After almost two decades in the dark, plans are rolling forward to energize metering lights in Pittsburg and North Concord by the end of the year.

County transportation officials also are looking at giving the green light to metering entrances to Highway 4 through Martinez and Antioch by the end of 2015.

The addition of the signals on Highway 4 and Highway 242 during peak commute hours is aimed at improving traffic flow on one of the Bay Area and nation's most punishing commutes, according to local transportation officials.

"We've seen metering lights deployed in other parts of California and the United States and it's a good operation that helps keep traffic flow moving efficiently and effectively," said Randell Iwasaki, Contra Costa Transportation Authority's executive director.

Officials point to the benefits drivers have seen from metering lights in Southern California and parts of the Bay Area such as Santa Clara and San Mateo counties.

Caltrans is in the process of repairing the existing -- but never used -- traffic lights at Highway 4 entrances between Solano Way and Railroad Avenue. Construction for that segment is estimated at about $900,000, according to the Metropolitan Transportation Commission.

Plans call for lights to be added as part of the widening project under way from Pittsburg's Loveridge Road to Hillcrest Avenue in Antioch and ready to be activated once road construction is complete. The price tag for those lights is estimated at about $26 million.

According to the county's implementation plan, metering lights would reduce the westbound Highway 4 drive time from Antioch to Alhambra Avenue in Martinez by 10 minutes, and nine minutes for the eastbound afternoon commute.

Metering lights would shave seven minutes off the morning drive from Antioch to the Highway 242/Interstate 680 interchange and one minute off in the other direction in the afternoon, according to the study.

Though installed in 1995, Contra Costa transportation officials and local leaders had balked at using metering lights because they could cause surface street backups where onramps are short and red lights are long, thus creating headaches for local traffic.

With the approval of Proposition 1B in 2006, the county began studying ways to improve mobility in the area and along the Highway 4 corridor, with metering being one of the possible answers, Iwasaki said.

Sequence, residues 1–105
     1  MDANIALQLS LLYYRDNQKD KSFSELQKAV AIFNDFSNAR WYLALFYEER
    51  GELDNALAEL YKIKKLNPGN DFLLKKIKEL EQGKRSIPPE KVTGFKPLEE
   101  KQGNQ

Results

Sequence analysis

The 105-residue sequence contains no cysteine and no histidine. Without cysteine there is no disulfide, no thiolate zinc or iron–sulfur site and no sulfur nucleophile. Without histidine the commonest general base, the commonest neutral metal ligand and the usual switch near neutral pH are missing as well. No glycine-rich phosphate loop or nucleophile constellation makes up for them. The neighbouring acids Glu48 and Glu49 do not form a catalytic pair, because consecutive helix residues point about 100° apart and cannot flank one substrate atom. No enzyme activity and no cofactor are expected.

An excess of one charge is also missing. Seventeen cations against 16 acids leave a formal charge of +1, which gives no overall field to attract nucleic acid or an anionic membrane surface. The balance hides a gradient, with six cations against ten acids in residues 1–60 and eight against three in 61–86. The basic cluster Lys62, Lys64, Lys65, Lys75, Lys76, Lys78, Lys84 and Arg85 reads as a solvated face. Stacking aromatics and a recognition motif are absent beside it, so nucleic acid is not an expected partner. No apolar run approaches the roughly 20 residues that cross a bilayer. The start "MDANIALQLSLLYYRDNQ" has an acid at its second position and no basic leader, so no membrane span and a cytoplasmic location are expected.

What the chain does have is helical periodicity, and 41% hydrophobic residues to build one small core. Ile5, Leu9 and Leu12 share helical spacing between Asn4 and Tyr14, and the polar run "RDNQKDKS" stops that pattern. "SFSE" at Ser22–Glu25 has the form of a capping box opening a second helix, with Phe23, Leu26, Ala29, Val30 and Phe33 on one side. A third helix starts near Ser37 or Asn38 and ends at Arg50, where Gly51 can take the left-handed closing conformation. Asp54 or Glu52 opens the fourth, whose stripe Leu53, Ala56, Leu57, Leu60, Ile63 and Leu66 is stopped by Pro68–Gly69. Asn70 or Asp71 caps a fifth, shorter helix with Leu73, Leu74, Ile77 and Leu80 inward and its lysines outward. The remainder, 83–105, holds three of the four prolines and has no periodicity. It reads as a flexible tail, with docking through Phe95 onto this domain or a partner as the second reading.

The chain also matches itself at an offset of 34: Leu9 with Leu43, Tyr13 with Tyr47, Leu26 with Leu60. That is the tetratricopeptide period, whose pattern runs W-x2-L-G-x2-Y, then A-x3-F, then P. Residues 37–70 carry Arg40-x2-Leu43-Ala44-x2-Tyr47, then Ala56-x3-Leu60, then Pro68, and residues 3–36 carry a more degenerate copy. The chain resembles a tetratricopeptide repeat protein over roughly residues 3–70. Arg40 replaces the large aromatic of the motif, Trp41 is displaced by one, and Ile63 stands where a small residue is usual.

Metering lights help traffic move as the road crowds because they keep multiple cars from trying to to squeeze onto the freeway at once, causing drivers behind the merging cars to hit the brakes and set off a ripple effect, Iwasaki said. The number of side swipes and accidents would also be reduced, leading to a more "orderly procession," he said.

Local transportation representatives have varying comfort levels with the idea.

Sal Evola, Pittsburg's vice mayor, said the metering lights will be good for the region, if implemented properly.

"From all the studies and modeling I've seen, with the lights going through the entire corridor, it should be effective and reduce commuters' drive time," he said.

In addition to concerns about local traffic spillover, Concord Councilman Ron Leone wonders if the lights actually save drivers time or if they will cause more delays.

"I remember from my own experience commuting to Fremont, it seemed like it was delaying me more than helping me," Leone said. "Does it make sense for us to do? I don't know yet, but I'm willing to listen."

Traffic conditions are being monitored as part of a "before and after" study. Caltrans also will periodically monitor how the ramps are working once they are in operation to see if the signals need recalibrating.

A memorandum of understanding would also have to be agreed upon between Caltrans and the cities.

"The last thing we want is for traffic to be backed up into (city streets)," Iwasaki said.

Contact Paul Burgarino at 925-779-7164. Follow him at Twitter.com/paulburgarino.